The Resistance Rules Of Thumb.

The actual resistance of all electrical components – including strain gages – depends upon three things:

- The size and shape of the component.

- The material from which the component is made.

- The temperature of the component.


Close-up of a strain gage on thumbnail. 


What Strain Gauges Really Measure?

The products we manufacture at Micro-Measurements built with Advanced Sensors Technology are used primarily for experimental stress analysis testing; however, just what is it that our products and technology are used to measure? The answer, in most cases, is a physical quantity called strain.


Stress and Strain Means Different Things to Different People

A farmer may use the word “strain” to mean a certain line of plants or animals: Kentucky Wonder is a popular strain of green beans!” The psychologist would tell you to avoid severe mental or emotional strain. Of course, our products are not used to measure any of these strains; rather, it is engineering (or mechanical) strains with which we are concerned.

Just what is Mechanical Strain?

Strain is a deceptively simple quantity that can be exceptionally difficult to measure accurately. When a body (engineering lingo for a solid object) is stressed (is subjected to a load), the body is deformed (changed in shape). Strain is a measure of the deformation or change in shape of an “engineering” body.

Here is a simple example illustrating the concept of strain. When a rubber band (a solid object) is stretched (subjected to a load), the rubber band becomes longer and thinner (changed in shape). The change in length, ∆L, compared to the original length L, is strain, ε; ( ∆ is the Greek letter delta often used to mean change. ε is the Greek letter epsilon universally used to designate strain.)



The rubber band shown was subjected to a strain of six tenths of an inch per original inch (∆L) when the weight was applied.


Engineers Need to Measure Very Small Strains

If all strains were as illustrated with the rubber band, there would be no need for Micro-Measurements products and services. A simple ruler would suffice as the measuring tool. In engineering work involving most common structural materials like composite, iron, steel, and concrete, strain measurements as small as one millionth of an inch are commonly required. That is like measuring a change of one inch in the length of a rubber band originally 15.78 miles long! For making engineering measurements of such small strains, electrical resistance strain gages are the most commonly used device.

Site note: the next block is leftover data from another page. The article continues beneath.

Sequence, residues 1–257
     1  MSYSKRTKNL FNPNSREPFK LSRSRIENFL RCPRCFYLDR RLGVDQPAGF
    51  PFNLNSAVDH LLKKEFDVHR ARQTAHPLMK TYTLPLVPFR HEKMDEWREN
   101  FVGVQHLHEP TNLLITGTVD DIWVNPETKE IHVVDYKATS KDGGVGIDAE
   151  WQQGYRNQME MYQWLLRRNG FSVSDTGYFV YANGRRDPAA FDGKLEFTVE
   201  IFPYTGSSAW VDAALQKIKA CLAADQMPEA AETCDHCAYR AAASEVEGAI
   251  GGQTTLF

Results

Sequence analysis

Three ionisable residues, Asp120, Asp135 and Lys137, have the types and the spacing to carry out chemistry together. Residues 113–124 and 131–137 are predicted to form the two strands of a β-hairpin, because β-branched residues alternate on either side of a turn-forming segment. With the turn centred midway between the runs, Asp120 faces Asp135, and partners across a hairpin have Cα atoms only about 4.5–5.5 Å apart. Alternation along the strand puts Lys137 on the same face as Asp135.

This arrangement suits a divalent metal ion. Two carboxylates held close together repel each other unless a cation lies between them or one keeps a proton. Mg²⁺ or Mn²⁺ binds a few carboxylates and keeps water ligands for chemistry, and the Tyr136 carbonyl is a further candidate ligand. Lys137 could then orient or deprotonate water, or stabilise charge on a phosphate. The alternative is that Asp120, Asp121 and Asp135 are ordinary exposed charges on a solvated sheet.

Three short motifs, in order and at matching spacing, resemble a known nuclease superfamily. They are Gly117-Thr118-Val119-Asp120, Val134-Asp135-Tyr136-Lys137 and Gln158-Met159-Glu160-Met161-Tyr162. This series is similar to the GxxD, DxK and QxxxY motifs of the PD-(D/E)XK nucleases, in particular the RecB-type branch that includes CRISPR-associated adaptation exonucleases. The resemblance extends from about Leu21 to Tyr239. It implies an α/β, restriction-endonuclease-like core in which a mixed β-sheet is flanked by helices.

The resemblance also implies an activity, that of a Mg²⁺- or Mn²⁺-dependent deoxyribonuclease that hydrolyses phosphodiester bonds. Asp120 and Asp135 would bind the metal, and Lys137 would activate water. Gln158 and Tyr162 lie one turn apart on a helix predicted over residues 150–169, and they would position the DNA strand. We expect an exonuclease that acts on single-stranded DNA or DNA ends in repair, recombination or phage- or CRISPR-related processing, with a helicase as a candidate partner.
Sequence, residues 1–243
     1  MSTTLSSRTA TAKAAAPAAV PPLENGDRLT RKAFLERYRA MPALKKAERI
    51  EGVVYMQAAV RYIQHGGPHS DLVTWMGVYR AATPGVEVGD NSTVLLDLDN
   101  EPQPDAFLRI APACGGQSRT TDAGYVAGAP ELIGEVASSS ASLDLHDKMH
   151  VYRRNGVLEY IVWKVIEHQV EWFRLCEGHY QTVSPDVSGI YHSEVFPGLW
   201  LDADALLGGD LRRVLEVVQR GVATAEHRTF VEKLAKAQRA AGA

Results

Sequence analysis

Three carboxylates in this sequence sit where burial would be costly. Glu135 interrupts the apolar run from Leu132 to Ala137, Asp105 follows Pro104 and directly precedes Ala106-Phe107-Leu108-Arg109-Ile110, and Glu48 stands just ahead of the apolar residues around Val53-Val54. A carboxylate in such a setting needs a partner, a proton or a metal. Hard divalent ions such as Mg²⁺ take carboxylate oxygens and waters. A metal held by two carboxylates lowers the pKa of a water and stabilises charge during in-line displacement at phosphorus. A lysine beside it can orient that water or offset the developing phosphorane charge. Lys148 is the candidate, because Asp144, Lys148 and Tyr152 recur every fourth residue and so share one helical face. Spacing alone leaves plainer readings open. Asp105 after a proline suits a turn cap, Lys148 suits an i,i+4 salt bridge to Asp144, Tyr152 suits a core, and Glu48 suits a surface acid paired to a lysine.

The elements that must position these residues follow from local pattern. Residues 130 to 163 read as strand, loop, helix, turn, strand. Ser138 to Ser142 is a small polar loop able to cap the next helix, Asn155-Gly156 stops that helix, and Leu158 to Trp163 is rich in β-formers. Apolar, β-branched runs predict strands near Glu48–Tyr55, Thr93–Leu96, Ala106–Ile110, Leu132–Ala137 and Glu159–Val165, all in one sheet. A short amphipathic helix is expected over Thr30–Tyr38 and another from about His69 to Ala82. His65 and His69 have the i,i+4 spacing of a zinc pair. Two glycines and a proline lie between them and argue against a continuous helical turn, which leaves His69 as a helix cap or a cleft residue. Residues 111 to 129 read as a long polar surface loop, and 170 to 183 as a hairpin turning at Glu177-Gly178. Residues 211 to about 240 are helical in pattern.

How Does a Strain Gage Work?

First, the strain gage is a component used in an electrical circuit. All components in an electrical circuit exhibit some opposition to the flow of electrical current. The unit of measure for electrical resistance is ohm Ω.  A lamp cord, manufactured from large gauge wire, must have very low electrical resistance to provide maximum supply voltage so the light can glow bright when the switch is turned on. Conversely, Micro-Measurements strain gages built with Advanced Sensors Technology have typical resistance values of either 350 ohms, 1000 ohms or 5000 ohms, to provide a much higher opposition to the flow of electrical current to reduce the self-heating effects and to eliminate zero drift and to minimize the influence of the wires in the measurement circuit (lead-wire desensitization). 

The actual resistance of all electrical components – including strain gages – depends upon three things:

- The size and shape of the component.

- The material from which the component is made.

- The temperature of the component.

Strain gages work because their sensing grids (resistive elements) are specially designed, so that when bonded to a test specimen, they change in resistance in direct relationship to the deformation in the specimen due to applied load (stress). 


Our New Technology Has Modernized Strain Gages

In the early days before Micro-Measurements, strain gages consisted of small diameter metal wires bonded to cigarette paper backing which in turn was intimately bonded to the test specimen. When the strain gage was stretched, the wires-like the rubber band-became longer and thinner  resulting in a proportional electrical resistance change.